#2: Hmm, maybe that haiku was never written because its author died in poverty, as most funds went to promote Shakespeare?


Release your anger. I’m giving you a short list of ‘why da
heck don’t I know ’em‘ artists:

PAINTING: Andrzej Wróblewski, died 30, when mountaineering. (Admittedly, a James Deany way of dying scores bonus points for the artist.) If you want to get a handful of his pictures on fine paper, buy this thing. Mind, it’s not an album of Wróblewski’s paintwork.

Shot by a Nazi

It is Arw, a script by Stanisław Czycz [a weirdnik in his own right], about Wróblewski’s life. The script was never put in motion – had it been, the movie would have been made by an honorary Oscar awardee, Andrzej Wajda, who commissioned the script-writing. You may want to find out for yourself why.

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THEATRE: Jerzy Grotowski. Nuff said. (As you may know him after all.)
Can NoneTheatre come to YouTube? Apocalypsis Cum Figuris, an example.

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POETRY: Bolesław Leśmian. This one is tough — to fully appreciate the flavour of the whisky Leśmian (though I think he’d probably think of himself as absinth, fresh meadow fragrant), one needs to know Polish natively, have a knack for words. Appreciation for deathly eroticism is appreciated, too. If your favourite scene of Wuthering Heights was Heathcliff lovingly opening Cathy’s grave, you’ll catch it.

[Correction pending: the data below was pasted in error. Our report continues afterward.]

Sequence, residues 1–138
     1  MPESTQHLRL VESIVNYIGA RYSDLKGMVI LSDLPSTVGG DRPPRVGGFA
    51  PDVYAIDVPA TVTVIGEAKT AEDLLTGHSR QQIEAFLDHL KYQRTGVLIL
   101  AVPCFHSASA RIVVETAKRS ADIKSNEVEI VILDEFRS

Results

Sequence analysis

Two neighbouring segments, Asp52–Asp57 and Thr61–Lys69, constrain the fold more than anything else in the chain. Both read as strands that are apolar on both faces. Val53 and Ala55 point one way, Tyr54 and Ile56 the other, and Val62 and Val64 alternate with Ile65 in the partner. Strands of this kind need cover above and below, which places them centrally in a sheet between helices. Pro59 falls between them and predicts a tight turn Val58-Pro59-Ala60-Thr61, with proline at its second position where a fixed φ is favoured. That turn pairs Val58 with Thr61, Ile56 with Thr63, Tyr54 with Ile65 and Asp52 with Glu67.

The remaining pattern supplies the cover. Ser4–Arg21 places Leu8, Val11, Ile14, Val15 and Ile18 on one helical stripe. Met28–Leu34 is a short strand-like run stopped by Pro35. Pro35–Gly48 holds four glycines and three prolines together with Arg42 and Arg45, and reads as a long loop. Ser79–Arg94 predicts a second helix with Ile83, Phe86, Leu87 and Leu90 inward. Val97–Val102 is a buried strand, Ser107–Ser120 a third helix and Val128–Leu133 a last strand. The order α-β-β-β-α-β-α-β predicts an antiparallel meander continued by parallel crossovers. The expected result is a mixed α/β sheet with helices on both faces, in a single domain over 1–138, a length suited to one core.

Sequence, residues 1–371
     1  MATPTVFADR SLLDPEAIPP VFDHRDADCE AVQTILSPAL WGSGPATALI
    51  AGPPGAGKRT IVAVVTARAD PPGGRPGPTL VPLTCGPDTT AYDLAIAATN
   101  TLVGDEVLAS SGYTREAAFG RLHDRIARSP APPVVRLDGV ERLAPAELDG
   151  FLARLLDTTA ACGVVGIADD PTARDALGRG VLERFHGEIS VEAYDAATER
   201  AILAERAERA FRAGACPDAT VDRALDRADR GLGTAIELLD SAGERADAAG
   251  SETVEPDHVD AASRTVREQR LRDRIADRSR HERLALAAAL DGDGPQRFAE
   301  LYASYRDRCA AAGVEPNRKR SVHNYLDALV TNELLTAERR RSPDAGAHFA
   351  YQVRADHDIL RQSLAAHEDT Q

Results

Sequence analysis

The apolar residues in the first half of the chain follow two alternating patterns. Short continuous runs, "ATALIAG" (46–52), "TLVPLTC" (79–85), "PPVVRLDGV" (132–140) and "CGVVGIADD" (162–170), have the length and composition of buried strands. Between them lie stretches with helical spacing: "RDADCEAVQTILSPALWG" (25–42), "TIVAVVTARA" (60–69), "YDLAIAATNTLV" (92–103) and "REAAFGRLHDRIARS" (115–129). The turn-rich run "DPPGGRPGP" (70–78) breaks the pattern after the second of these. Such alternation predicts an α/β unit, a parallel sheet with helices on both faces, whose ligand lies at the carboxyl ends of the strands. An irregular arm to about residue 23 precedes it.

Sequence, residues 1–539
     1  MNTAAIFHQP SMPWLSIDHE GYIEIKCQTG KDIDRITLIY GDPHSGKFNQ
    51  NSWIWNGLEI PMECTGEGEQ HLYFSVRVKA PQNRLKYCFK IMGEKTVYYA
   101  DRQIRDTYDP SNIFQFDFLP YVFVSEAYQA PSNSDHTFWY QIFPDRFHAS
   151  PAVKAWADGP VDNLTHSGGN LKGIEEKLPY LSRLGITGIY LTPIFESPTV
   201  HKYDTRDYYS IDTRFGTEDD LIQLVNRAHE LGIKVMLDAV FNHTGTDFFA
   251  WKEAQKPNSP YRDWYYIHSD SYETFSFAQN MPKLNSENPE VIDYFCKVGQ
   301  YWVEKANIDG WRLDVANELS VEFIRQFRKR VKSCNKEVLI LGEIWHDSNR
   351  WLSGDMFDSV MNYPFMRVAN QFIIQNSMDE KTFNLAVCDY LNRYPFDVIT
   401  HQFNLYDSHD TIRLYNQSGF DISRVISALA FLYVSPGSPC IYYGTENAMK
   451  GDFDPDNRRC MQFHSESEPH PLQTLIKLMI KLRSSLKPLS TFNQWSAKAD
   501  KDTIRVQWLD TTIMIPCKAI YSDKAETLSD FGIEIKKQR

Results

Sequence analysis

Cathy, you’ll die on 20th March

Leśmian is a good way to find out if your Polish is native enough. If you don’t find anything extraordinary in the guy’s work, you still have much to learn. (It goes for several millions Poles, too, I know. So?)

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SCULPTURE: Read here: “This artist / sculptor created and wrote more by age 30 than DaVinci did his whole life.”. The opinion comes from Maynard James Keenan (of Tool, one of so few things why America should be spared, for a time.) Whom does he mean?